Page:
UK corporate financial health deteriorates since Article 50 was triggered

Posted On: 30th April 2018
UK corporate financial health deteriorates since Article 50 was triggered

New research today reveals that thousands of UK businesses have experienced a deterioration in their financial health since Article 50 was triggered a little over a year ago, with increased levels of financial distress being seen across all sectors and regions of the UK.

According to Begbies Traynor’s Red Flag Alert research for Q1 2018, which monitors the financial health of UK companies, 477,210 businesses were experiencing ‘Significant’ financial distress at the end of March 2018, up 33% compared to when Article 50 was triggered on 29 March last year (Q1 2017: 358,943).

While ‘Significant’ distress rose across every sector and region of the UK over the past 12 months, the sectors with the largest volumes of businesses in distress were Support Services (115,249 companies, up 40% year on year), Construction (60,541, up 26%), Real Estate & Property (41,624, up 46%) and Telecommunications (32,538, up 47%). Regionally, London saw the largest increase in Significant distress, up 42%, affecting 119,419 businesses in the Capital.

Other sectors that experienced large increases in financial distress over the period included Professional Services (up 46%), Financial Services (up 45%) and Automotive (up 15%); a worrying trend given the importance of these industries in the Government’s negotiations over future trade deals.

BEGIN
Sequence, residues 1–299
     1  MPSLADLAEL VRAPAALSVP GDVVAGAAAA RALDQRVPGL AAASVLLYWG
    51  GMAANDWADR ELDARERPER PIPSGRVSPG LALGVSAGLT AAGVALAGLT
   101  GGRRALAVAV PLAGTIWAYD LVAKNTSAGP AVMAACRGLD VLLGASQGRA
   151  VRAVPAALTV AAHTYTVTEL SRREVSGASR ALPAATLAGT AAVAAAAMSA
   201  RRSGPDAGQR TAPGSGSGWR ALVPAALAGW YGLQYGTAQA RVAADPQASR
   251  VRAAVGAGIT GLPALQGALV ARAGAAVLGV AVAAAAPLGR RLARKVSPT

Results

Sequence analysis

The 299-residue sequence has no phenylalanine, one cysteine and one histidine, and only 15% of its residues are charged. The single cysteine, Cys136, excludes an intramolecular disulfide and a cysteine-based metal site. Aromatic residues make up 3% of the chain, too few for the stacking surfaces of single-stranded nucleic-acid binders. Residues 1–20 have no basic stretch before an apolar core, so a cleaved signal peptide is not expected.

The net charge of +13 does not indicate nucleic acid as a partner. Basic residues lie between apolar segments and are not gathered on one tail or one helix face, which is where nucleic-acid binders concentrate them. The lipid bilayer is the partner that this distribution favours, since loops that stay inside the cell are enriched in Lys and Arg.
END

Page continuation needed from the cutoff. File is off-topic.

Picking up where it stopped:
Julie Palmer, Partner at Begbies Traynor, said:

While uncertainty around the outcome of the Brexit negotiations has undoubtedly had an impact on business confidence across the UK, the economy has also faced a wide range of unexpected headwinds which have dampened progress over the past year. Currency fluctuations, rising interest rates, subdued consumer spending and a cooling property market are just some of the factors that have combined with growing political uncertainty to push nearly half a million UK businesses into financial distress over the past 12 months.

“Should these headwinds continue, they could impact the Government’s bargaining power when it comes to negotiating new trade deals after the UK’s exit from the European Union, which would be a major concern.”

Ric Traynor, Executive Chairman of Begbies Traynor, commented:

Although the UK economy is still growing, it is now starting to lag behind many other G20 members, with predicted GDP growth during 2018 of around 1.7%. The latest Red Flag figures reflect this slowdown with increased financial distress being felt across every sector and region of the UK.

 “The UK’s crucial Services sector experienced a major slowdown last month, as the impact of snow disruption, inflation and Brexit-related uncertainty hit output across the sector, while the Automotive industry has also experienced a downward trend, with declining car sales, job cuts and growing fears about restrictive future trade barriers with Europe. At the same time, the UK Construction sector last month suffered its biggest drop in activity since the 2016 Referendum vote, as Brexit concerns and the fallout from Carillion’s collapse caused further delays in large infrastructure and construction projects.

“While the recent recovery in Sterling should put UK businesses who import raw materials into a stronger trading position, the biggest positive impact on business confidence is likely to come when we finally receive clarity over how our eventual exit from the EU will look. In the short term however, the most pressing issue is whether or not the Bank of England decides to raise interest rates next month. If they do, it could push many struggling businesses, particularly those with high levels of debt, into formal insolvency.”